100th Infantry Battalion
Stanley is among the 150 soldiers from the 442nd selected to be replacements for the 100th Infantry Battalion.
He is perplexed by his selection since the replacements are rumored to be the worst soldiers in the companies.
Stanley finds it very difficult to leave the men he has been training with in K Company.
This is a long story, but we, the first group that went to the 100th, hundred fifty of us, the rumors went around Camp Shelby, within the 442nd, that the captain picked the lousiest guys to go to the 100th. But the hundred fifty came from three to five people from each different companies. So the company commander gets to pick whoever he wants to send overseas. And to me, it was normal that if a company commander's going to pick somebody out of the outfit, he's going to pick the lousiest ones.
So apparently on that basis, we were noted as the lousiest guys in the 442nd that was sent to the 100th. But that wasn't a lie. Because only recently, I got a call from a lieutenant friend of mine that said that when we hundred fifty was sent to Fort Meade, to go on the way to the 100th, the commanding officer of 442nd wrote to the commanding officer of Fort Meade to be careful with this bunch.
Sometimes I wonder why I was picked because I thought I was a good soldier. They even gave me a good conduct medal. I want that letter and I want to frame it. To show people that I was in the worst bunch of the 442nd.
So the gist of the story is that we're not the bunch of good soldiers, like the guys in the French Foreign Legion or something. So now I'm convinced that the rumors was true. That we were so-called the rubbish of the 442nd. The ones that they didn't want us around.
I don't know why I was picked. Maybe it just so happened that our K Company commanding officer didn't like my looks, I don't know. But I can see how we would be sort of classified on that basis. Because when we went to Fort Meade, one of the first thing the cadre - the cadres are the non-commissioned officers stationed there that took care of us - one of the sergeants come up and said, "Now men, don't go across the railroad track, in that area there, where there's tough marines there." So what the guys do, they want to go there and fight the marines. That's all they want to do, looking for fight. But that's the kind of bunch I was with. If they're not fighting with the haoles, then they're fighting among themselves in the barracks.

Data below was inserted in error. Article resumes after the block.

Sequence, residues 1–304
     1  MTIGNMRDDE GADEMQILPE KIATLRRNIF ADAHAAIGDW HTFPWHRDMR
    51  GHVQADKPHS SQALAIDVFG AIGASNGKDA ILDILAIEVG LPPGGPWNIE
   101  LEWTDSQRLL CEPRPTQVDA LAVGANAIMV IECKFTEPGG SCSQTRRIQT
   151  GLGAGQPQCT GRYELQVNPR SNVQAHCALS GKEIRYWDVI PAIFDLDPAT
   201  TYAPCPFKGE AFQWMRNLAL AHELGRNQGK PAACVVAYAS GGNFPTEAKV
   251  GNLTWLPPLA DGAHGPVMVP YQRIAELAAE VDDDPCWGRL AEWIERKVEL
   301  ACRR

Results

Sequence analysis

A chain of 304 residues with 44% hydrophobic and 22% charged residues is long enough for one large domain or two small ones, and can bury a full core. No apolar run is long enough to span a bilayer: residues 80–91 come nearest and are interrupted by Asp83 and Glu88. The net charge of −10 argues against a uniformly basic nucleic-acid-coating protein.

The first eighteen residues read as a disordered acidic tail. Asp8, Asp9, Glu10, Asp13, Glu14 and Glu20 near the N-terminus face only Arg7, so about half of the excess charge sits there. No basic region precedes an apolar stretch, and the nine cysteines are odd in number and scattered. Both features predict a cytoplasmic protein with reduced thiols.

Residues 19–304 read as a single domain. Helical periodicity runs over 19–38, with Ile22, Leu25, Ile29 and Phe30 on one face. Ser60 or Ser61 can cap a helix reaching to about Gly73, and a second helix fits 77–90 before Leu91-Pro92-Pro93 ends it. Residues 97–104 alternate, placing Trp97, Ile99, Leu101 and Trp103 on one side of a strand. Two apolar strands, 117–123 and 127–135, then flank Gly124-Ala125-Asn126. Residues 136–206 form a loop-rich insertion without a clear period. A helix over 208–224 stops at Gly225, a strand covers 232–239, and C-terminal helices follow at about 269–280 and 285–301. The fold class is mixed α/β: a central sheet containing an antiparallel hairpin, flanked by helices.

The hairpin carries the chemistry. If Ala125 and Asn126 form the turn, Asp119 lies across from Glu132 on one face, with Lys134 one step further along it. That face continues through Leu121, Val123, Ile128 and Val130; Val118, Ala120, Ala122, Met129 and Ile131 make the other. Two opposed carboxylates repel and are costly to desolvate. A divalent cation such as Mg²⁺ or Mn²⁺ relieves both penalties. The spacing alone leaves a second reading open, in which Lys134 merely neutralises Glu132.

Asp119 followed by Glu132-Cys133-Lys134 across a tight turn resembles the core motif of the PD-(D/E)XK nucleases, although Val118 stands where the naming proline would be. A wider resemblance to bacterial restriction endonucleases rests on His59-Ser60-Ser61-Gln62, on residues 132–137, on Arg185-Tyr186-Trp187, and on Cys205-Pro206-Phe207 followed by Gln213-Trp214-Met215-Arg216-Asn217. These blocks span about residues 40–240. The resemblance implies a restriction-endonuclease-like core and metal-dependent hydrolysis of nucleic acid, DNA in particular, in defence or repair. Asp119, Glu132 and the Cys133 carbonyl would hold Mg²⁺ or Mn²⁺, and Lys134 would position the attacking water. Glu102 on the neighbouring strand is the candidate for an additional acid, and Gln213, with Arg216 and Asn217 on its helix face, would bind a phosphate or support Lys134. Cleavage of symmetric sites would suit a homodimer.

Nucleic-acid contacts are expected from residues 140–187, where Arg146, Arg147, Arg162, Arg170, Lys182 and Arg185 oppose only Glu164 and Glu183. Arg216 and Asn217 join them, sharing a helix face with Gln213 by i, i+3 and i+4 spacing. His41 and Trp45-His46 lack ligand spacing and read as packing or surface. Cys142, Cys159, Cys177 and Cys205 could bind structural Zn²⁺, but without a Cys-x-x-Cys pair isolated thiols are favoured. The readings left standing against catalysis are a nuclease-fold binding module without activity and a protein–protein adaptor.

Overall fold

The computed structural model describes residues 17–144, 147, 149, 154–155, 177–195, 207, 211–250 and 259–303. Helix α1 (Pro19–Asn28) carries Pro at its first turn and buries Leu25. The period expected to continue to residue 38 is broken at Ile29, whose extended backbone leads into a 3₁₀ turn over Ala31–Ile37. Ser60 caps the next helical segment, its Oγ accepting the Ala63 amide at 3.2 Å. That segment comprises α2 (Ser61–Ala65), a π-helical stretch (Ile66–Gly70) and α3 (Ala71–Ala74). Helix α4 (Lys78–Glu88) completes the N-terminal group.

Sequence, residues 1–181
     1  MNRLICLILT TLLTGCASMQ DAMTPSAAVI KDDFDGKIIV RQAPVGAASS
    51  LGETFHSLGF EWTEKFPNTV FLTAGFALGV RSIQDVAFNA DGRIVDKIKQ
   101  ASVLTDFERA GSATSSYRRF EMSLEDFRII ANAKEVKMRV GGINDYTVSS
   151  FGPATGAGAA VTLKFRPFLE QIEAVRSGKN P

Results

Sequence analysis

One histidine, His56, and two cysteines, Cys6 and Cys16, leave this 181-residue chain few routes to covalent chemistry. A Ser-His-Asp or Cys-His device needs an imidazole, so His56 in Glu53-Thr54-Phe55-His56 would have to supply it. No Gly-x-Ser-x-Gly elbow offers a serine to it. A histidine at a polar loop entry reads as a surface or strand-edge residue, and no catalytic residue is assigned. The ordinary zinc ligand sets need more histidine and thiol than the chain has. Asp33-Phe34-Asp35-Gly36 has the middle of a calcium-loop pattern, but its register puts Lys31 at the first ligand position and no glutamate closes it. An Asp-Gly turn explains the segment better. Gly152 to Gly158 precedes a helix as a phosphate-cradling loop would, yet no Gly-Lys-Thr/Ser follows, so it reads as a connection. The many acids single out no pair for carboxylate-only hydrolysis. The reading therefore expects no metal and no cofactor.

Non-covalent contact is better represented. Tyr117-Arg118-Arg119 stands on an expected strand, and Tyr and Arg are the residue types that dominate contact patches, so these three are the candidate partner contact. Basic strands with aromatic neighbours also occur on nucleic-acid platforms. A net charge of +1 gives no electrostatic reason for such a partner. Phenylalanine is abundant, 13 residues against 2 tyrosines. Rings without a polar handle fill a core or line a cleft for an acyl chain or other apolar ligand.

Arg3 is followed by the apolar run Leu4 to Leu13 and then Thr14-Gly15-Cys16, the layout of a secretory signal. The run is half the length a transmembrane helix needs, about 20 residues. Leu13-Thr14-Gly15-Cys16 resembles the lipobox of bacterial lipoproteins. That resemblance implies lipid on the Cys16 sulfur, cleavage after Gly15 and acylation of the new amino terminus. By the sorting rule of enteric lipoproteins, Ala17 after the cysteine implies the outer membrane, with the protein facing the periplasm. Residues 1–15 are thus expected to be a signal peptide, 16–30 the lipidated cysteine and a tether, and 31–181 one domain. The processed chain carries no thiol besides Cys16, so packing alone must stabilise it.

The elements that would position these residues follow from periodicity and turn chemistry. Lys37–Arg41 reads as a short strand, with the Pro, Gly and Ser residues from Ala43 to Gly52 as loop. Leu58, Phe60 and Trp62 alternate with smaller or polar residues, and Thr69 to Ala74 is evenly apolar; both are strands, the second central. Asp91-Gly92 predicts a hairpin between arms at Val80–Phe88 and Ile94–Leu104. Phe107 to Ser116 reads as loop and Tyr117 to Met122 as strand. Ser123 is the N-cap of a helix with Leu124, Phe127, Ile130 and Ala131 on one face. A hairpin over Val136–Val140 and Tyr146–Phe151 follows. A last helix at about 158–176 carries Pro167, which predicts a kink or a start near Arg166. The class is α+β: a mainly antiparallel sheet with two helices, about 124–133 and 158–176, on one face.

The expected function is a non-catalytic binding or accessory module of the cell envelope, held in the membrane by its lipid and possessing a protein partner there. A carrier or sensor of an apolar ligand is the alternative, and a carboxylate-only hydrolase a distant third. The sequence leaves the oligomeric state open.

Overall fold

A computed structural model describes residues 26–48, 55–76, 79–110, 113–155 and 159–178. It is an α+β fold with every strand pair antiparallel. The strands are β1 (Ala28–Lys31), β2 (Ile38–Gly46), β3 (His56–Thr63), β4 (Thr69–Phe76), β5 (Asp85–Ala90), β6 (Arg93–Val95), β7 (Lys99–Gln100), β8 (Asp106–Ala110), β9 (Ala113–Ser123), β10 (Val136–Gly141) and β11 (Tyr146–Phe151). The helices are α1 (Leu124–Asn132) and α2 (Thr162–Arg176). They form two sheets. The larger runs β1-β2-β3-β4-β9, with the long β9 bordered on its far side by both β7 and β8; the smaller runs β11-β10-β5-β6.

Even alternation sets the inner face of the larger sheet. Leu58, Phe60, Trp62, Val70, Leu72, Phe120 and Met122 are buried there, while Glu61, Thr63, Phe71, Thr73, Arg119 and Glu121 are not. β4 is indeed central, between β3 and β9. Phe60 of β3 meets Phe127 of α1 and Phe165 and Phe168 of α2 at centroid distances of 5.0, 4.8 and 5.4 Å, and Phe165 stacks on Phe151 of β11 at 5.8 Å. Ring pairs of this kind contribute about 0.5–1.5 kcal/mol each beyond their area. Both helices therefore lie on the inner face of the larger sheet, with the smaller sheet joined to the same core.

I think they really got rid of the fighters from the 442nd.
I remember just about two of us [from K Company] went. Two or three. And one sergeant volunteered. Or was he a lieutenant? He volunteered from the K Company. He wanted to go because he was a little on the elderly side compared to us, yeah. A lot of these old 442nd guys, they were twenty-eight, twenty-nine, they were older than us and looked like they were with a bunch of kids. You know, they on the elderly side. So I don't blame them for volunteering to go to the 100th with all their age group.
Leaving K Company
I don't know if [the men of Company K] felt any compassion or anything like that but as far as I was concerned, it was an order that you got to obey. You're in the army, you got to obey, do whatever you got to do.
But as far as camaraderie, even today, like next week Tuesday, I'm going to have lunch with some K Company guys. Just to get together and chew the fat. But it didn't bother me at all. When I first came back from Italy because they were same age as me, I was very active with the K Company boys.
But then I thought, chee, why should I ignore the 100th, after all, I fought with them. So I start getting active with the 100th more than the 442nd, the K Company. But I was very active with them and I did a lot of things with them, even after the war. But I couldn't ignore the 100th.
[If I had the choice,] I don't think I would have gone [to the 100th]. Because I knew [K Company] too well by that time. In fact, I could say that I knew almost everybody in K Company but not by their names. But within your platoon, you knew everybody. You're just like one big family. So if I had choice, you want to go or don't you want to go? I don't think I would have gone. I would have taken my chances with K Company and probably be dead today.
Those days, at our age, we don't reason why. They tell you do it, you got to do it.
[In Civitavecchia where the 100th Battalion became part of the 442nd RCT], to be real honest with you, it was a feeling of joy meeting all my friends again. It wasn't anything sad or anything like that.
Stanley Akita's interview courtesy of the Center for Oral History. Photographs courtesy of Stanley Akita.